Why rig the rally? This senior wants to know

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Why rig the rally? This senior wants to know

The junior representative about to hit the senior in the first round of the noodle-game played on the March 6 spring rally.

The junior representative about to hit the senior in the first round of the noodle-game played on the March 6 spring rally.

Zoe Kaiser

The junior representative about to hit the senior in the first round of the noodle-game played on the March 6 spring rally.

Zoe Kaiser

Zoe Kaiser

The junior representative about to hit the senior in the first round of the noodle-game played on the March 6 spring rally.

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Originally published on March 24, 2015

Games at the rallies seem to be rigged in favor of the seniors. Have you noticed? It’s not exactly subtle. I remember booing loudly at my first rally as the announcer claimed the seniors had won. I was pretty sure they hadn’t.

During my junior year, I took photos at a rally for the first time and saw everything up-close and before my eyes. It went like this: when the seniors were defeated in a game, the match was called a tie, and then there was a redo. Sometimes the seniors wouldn’t win the redo. Mostly, they would.

At our most recent rally on March 6 it happened again. I’ll give you the eyewitness account — the juniors won the noodle-game against the seniors. If you’re right there it’s not hard to see. The junior whacked the senior with a bright green noodle and the match was called a tie.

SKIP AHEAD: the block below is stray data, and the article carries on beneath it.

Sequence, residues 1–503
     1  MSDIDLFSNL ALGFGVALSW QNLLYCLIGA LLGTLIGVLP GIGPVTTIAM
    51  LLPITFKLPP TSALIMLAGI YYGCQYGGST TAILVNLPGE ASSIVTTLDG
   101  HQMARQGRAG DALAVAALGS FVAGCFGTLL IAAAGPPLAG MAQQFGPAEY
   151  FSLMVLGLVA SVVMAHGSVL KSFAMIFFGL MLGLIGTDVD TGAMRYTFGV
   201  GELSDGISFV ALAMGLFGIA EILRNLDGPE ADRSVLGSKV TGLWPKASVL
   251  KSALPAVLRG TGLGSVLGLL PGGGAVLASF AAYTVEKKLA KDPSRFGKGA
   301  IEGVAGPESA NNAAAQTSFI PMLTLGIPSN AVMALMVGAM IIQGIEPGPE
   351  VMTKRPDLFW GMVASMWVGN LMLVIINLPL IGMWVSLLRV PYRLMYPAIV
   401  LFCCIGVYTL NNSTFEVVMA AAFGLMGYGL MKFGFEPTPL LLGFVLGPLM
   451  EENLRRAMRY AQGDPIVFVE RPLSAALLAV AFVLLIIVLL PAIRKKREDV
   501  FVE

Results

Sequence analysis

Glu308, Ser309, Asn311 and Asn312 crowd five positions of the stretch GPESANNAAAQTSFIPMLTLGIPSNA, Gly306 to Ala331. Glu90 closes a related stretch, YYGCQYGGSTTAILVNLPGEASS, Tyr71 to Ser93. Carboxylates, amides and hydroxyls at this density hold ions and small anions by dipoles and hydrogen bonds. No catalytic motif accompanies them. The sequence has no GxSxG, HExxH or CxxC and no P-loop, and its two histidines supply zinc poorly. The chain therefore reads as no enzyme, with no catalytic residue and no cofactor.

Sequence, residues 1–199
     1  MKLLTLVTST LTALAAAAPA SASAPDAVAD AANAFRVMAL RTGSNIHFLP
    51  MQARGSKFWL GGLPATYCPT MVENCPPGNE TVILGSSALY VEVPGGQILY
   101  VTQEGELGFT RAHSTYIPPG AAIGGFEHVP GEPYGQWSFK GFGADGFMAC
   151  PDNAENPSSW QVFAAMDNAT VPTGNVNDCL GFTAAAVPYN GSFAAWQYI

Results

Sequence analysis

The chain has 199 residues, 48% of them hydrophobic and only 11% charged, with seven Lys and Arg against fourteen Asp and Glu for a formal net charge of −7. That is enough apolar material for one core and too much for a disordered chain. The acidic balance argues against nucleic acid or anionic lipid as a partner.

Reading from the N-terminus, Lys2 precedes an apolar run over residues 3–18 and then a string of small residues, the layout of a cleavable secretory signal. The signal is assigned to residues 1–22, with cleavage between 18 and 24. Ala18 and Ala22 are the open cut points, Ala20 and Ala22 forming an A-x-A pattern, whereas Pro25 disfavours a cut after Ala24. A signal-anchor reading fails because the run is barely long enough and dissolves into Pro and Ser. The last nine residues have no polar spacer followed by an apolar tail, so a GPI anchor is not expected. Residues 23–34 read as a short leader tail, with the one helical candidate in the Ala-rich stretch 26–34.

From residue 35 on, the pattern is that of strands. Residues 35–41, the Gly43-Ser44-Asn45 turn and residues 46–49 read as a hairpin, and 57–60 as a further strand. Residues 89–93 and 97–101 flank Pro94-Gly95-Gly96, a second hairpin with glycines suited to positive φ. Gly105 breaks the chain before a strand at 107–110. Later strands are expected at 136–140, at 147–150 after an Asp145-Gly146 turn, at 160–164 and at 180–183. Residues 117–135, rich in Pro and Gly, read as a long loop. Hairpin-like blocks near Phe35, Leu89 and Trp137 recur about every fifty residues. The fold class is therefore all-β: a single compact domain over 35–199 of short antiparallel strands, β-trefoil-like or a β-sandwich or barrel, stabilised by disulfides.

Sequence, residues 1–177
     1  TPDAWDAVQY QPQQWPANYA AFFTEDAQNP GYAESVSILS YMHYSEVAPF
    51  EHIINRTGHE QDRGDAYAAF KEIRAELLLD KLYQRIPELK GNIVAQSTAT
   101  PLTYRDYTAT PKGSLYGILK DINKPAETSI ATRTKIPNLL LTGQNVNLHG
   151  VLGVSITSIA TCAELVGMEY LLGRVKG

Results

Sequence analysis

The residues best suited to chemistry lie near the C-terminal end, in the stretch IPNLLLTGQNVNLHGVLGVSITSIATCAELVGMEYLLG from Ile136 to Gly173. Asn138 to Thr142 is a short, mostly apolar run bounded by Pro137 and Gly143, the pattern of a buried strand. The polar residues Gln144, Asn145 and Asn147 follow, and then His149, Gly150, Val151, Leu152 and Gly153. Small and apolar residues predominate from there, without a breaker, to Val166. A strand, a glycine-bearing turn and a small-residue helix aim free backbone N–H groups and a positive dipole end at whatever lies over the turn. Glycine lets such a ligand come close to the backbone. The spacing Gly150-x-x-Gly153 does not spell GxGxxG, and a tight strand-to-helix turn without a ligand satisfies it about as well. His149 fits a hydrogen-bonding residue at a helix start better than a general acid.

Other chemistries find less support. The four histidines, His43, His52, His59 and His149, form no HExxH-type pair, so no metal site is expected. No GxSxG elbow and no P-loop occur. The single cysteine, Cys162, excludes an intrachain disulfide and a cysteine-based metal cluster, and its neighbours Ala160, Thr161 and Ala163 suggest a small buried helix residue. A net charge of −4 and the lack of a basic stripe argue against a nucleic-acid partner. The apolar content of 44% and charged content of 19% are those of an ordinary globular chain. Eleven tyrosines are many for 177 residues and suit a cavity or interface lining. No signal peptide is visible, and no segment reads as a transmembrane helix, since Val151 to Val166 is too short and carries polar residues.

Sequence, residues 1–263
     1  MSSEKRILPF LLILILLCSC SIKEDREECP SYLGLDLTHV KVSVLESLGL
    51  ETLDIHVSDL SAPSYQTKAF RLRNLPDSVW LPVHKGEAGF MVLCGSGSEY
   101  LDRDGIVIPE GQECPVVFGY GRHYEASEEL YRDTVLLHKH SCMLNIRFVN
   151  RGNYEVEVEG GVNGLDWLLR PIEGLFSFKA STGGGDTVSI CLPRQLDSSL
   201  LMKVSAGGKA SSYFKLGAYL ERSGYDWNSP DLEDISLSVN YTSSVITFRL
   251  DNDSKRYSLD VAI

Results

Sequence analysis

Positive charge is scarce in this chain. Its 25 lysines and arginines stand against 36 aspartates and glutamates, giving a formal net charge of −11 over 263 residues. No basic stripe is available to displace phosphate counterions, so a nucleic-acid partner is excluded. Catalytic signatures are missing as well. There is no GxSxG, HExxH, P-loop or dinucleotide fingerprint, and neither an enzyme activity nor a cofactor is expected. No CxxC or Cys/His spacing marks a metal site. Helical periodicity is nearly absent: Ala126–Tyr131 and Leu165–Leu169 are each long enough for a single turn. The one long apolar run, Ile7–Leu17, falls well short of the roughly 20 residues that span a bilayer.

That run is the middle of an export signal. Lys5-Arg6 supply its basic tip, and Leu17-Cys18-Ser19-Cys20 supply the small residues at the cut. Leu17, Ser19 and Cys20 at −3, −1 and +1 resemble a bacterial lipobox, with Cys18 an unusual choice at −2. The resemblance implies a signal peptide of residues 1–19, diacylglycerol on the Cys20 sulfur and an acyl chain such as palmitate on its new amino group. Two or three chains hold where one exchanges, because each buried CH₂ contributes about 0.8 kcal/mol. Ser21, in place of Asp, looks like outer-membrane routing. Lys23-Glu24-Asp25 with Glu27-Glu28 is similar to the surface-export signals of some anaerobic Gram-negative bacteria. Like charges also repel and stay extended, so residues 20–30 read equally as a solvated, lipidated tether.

All right. Well, who cares who won the noodle-game?

That’s really the question I ask myself. What is so important about winning the noodle-game that there has to be cheating just so the seniors can win it? Are our senior egos so fragile that we will be shattered by losing the noodle-game?

Student Body Council and Lowell Student Association, who run the rallies, deny that the games are rigged. Senior Rajan Dumbhalia, as a spokesperson, said, “It comes off as them [LSA] rigging it, but that’s not it — it’s just all these different factors come into it.” He pointed out that seniors this year have done terribly at the games, only winning one this spring.

Student Body Council and Lowell Student Association, who run the rallies, deny that the games are rigged.

Yes, and you can still lose a coin toss when you have a second flip, but once that second chance has been given, the coin toss is no longer fair.

Dumbhalia, who joined the board this year, said that to his knowledge all past rallies have been honest and all future rallies will continue to be.

Maybe all the incidents of the past have been really bad calls by the students who judge the games. Personally, I don’t think so. But whether the games are intentionally rigged is not actually the problem because, let’s face it, nobody does care who won the noodle game.

It’s not about who won or who lost. It’s that the games seem unfair.

Lowell is, in general, gloriously free of the normal lower and upper-class splits. Yes, there’s mumbling about “the Freshman,” but when I entered Lowell I was warned about “Freshman Fridays” and potential harassment — none of which ever occurred. So rigged games for the seniors — even the appearance of rigged games — are out of place. They only poison relationships between the grades and breed resentment. In my mind, that’s the antithesis of the school spirit rallies are supposed to represent.

So let me say this to next year’s seniors. Remember how loudly you booed at the rally? This cheating is a cycle, and it can stop with you.